We live in an age when the notion of celebrity is so malleable that a video can be made about a guy who isn’t famous, but it’s that video that may just make him famous. Knotty concept, eh? The real question is whether you’d want to spend your money on somebody’s video slam book. FreshMan fetishizes on a guy named Andrew Miguel, who apparently didn't have a life before this video; We know what he wants to become (a Somebody), but we don’t really understand who he is, or was. Instead, to create his pin-up status, we get crucial info like his favorite dessert (ice cream) or where he stands on the boxers/brief debate (I don't want to spoil it for you). Based on his rendition of the song "Reasons", he's probably not a pro singer, or not yet. But the guy is cute, and he models and undresses in the standard sexy settings – showering, swimming, reclining in bed, and in a campy surprise, eats that favorite dessert. I do think the video doesn’t show enough of him. If his soul couldn’t be bared, maybe his entire body should, if you know what I mean. I wonder if the MTRCB had a hand in the sanitation. At least they were kind to butt lovers, because the guy is not shy about mooning.
FreshMan is reportedly the first in a series. (Somphomore, Junior, and Senior are up next.) These will likely look better as a collected set. I hope they were intended to escalate in quality and daringness.
There's a split-second frame in the video's last segment that differs in the VCD and DVD versions. The DVD allows us a really quick glimpse of... something behind the towel. The DVD also includes a photo gallery, behind-the-scenes footage that's not much different from what's already in the main feature, and a ticket to win a date -- with Andrew Miguel? It didn't say. Raffle will be drawn on December 2009.
It’s tragic that Heavenly Touch, a movie set in the massage parlor sex business, relies too much on clichés for its drama: the story of a rookie who enters prostitution, the suspense of a violent authority figure, the misery of poverty in the homefront, and the romance of two people from the victim class. It’s a movie made straight from the Lino Brocka school of third world sex films. But it all could have been watchable had director Joel Lamangan, working from a script by Enrique Ramos from a story by Manny Valera and himself, bothered to consider the emotional flow. Events happen and characters move, but damn if we can connect how or why. The scenes aren’t alive; they’re mere bullet points in the outline. When Paolo Serrano and Joash Balejado engage in a threesome with Gwen Garci, it’s just three people in a shower. Only later do we learn, through dialogue, that there was supposed to be sexual attraction between the guys.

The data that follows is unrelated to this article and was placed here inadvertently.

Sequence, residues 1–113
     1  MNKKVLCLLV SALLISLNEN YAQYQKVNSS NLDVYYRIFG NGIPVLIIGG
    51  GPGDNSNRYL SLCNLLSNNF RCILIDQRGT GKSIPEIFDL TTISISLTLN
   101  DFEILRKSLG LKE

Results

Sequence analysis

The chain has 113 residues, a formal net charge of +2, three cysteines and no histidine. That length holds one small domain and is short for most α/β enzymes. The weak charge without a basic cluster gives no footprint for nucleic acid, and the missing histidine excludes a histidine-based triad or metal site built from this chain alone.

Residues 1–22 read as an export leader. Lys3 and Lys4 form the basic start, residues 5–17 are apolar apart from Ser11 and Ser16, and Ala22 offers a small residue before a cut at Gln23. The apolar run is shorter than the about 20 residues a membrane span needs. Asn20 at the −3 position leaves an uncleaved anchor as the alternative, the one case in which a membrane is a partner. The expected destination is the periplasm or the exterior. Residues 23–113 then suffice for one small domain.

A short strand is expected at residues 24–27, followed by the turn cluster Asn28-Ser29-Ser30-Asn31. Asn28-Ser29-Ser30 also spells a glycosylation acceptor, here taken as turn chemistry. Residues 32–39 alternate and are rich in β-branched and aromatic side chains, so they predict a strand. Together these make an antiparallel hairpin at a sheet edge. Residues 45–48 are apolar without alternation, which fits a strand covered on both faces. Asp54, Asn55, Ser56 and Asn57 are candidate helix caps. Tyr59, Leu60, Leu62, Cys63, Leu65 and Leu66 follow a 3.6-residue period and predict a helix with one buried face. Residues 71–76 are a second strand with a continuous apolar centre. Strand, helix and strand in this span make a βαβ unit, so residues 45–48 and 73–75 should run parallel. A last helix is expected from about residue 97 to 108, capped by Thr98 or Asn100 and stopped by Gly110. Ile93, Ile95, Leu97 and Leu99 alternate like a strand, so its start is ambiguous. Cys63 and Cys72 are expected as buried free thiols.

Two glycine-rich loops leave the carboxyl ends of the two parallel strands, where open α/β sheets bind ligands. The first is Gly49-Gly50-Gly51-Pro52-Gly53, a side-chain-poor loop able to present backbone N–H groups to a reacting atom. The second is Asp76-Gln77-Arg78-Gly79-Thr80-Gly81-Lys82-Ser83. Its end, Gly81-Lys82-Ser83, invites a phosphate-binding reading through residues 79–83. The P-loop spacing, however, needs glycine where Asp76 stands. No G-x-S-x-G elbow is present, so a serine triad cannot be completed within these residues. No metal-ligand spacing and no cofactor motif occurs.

Heavenly Touch is not as fun as DMV Entertainment’s previous sensational sexploitation flick, Walang Kawala, but it’s amazing what this production company can get away with in nudity, while their contemporaries suffer the MTRCB’s hyperactive scissors. Maybe there’s politically-motivated conspiracy. Or maybe the censors don’t like it when movies actually make us feel something, while they forgive those that treat sex like decoration.
Two things save this movie from being a complete waste of time. First, the sprinkling of minute details of massage clinic ins and outs, such as masseur woes and quirky clients, which seem to have been inserted directly from research. If you thought 2006’s Masahista didn’t reveal enough of this hidden world, then you might walk away with Heavenly Touch feeling a little more informed. Second, the sexy men. A bevy of good-looking masseurs kibitz in white briefs in the background. Paolo Serrano is a fiery kisser. Marco Morales flashes his junior (yet again). And so does the film’s lead, Joash Balejado, a youthful, sensitive face with a godlike torso, who makes his screen debut. I’m excited to see more of this actor, hopefully in a better film.